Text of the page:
TUC supports immunity bill for National Assembly

The National Assembly complex

The Trade Union Congress of Nigeria, TUC, on Wednesday, disclosed that it supports the bill seeking to provide immunity to the leadership of the National Assembly.

According to a statement by TUC President, Quadri Olaleye, the immunity should also be extended to all members of the House of Assembly.

He said that providing such immunity for presiding officers against crimes of corruption would ensure a smooth running of the law-making processes.

The House of Representatives was considering a bill, sponsored by Mr Odebunmi Olusegun, seeking constitutional immunity for the top presiding officers of the National Assembly.

The beneficiary of the bill, if passed, are the senate president, Deputy Senate President, and the Speaker of the House of Reps and his Deputy.

The bill, which has passed the second reading during the plenary, is part of the ongoing amendment of the amended 1999 Constitution by the National Assembly.

Olaleye said: “With the jailing of some ex-governors and other political officials there is no need to express fear over the bill.

“Those who have breached public trust can always be investigated, tried and jailed when their tenure expires.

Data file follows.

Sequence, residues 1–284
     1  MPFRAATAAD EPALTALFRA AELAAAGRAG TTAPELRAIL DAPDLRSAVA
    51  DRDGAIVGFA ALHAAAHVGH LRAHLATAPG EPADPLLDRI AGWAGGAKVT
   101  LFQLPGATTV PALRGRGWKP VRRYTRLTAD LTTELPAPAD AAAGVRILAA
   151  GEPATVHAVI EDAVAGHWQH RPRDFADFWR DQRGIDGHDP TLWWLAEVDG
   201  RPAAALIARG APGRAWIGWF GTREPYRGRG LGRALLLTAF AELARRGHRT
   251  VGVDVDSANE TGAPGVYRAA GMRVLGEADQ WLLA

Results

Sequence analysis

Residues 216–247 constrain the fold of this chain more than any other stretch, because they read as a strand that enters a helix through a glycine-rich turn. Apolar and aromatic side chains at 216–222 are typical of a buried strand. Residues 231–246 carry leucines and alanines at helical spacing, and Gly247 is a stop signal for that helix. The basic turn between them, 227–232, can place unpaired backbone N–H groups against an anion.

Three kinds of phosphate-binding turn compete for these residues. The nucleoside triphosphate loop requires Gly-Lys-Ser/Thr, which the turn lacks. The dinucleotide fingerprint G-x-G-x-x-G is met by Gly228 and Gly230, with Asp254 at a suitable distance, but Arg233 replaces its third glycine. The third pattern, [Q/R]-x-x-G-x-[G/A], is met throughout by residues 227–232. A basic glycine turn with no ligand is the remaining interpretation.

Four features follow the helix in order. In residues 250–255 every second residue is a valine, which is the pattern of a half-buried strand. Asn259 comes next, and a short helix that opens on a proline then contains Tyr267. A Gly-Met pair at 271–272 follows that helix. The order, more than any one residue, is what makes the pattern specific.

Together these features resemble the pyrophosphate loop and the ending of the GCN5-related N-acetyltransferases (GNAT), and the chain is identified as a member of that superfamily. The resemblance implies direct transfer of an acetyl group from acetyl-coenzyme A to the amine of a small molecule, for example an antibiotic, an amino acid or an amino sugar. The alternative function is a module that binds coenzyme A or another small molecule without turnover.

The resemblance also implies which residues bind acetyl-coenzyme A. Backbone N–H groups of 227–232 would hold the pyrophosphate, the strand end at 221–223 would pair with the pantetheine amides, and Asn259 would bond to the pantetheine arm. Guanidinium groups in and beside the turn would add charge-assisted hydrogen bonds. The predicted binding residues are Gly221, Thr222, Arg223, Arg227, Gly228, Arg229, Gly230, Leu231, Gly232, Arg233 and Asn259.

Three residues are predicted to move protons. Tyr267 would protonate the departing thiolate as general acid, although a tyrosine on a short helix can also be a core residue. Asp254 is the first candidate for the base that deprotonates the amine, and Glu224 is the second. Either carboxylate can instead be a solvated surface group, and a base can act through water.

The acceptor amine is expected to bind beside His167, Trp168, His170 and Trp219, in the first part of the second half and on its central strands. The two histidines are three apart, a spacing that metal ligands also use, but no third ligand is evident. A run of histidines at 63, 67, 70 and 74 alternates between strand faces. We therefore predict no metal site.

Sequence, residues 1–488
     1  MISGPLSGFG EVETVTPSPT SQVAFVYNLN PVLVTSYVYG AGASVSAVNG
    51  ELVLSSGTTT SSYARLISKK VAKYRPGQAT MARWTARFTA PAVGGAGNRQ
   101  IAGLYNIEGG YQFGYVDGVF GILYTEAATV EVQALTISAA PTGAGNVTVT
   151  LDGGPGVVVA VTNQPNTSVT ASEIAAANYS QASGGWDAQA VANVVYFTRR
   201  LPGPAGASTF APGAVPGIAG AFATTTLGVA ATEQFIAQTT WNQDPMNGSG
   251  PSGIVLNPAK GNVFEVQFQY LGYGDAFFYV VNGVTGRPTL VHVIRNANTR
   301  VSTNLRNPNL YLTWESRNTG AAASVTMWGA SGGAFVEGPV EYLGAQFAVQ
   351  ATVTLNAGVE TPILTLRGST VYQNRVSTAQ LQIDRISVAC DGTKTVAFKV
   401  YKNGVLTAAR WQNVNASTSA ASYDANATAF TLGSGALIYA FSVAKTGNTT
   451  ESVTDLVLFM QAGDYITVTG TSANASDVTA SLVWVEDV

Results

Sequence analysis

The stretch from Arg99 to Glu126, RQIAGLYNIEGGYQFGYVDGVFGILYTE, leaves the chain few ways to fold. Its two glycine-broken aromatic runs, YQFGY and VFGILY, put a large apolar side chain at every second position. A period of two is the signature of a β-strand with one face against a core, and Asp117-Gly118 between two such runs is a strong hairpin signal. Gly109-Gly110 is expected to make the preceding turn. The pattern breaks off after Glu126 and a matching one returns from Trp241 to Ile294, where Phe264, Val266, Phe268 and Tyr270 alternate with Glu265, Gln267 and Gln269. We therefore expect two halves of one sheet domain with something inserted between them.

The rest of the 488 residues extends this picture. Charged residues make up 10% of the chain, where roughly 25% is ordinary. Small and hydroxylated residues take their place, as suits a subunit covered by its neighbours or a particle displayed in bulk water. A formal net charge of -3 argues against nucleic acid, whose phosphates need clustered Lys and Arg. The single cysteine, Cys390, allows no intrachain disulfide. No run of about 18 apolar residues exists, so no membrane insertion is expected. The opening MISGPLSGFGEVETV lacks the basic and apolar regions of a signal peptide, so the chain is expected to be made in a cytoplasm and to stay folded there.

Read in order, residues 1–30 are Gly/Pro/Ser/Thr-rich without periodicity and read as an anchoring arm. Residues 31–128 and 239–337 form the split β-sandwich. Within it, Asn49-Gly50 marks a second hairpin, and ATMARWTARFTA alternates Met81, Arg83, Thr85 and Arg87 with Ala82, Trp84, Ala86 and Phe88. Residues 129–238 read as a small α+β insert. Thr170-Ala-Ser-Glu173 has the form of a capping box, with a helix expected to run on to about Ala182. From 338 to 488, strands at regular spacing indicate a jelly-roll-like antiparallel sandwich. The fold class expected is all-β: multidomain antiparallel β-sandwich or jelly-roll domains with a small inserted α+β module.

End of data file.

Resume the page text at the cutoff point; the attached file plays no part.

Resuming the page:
He lamented that after 20 years of the demise of a former president, Sani Abacha, his loots were still being repatriated.

He noted that USA had attached the repatriated monies to specific projects to ensure it was not re looted and described the move as unfortunate.

Olaleye reiterated that the congress would support any move that would ensure a peaceful system but would never stop calling for accountability.

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  • Sounds good, considering the ongoing EFCC vs SARAKI case that is playing out in the courts. The TUC is supposed to endorse ideas that benefit ordinary Nigerian workers, not politicians. Checks and balances are necessary everywhere and in everything people do. Imagine travelling at 100 kph on the Lagos - Ibadan expressway when there is no traffic. Everything will be smooth too, until you discover you left your brakes at home.

    What the Nigerian lawmakers need is legislate absolute transparency in the financial activities of all levels of government and the contracting of third party accounting firms to publish periodical audits for everyone to see and scrutinise. Necessity is the mother of invention, and in this case it is not necessary for lawmakers to put themselves above the laws of the land. Life is about ups and downs. It is about challenging yourself to do your best in the face of opposing forces. That is motivation for those in charge to do their due diligence rather than driving around in an armoured car because a swarm of locust is approaching.

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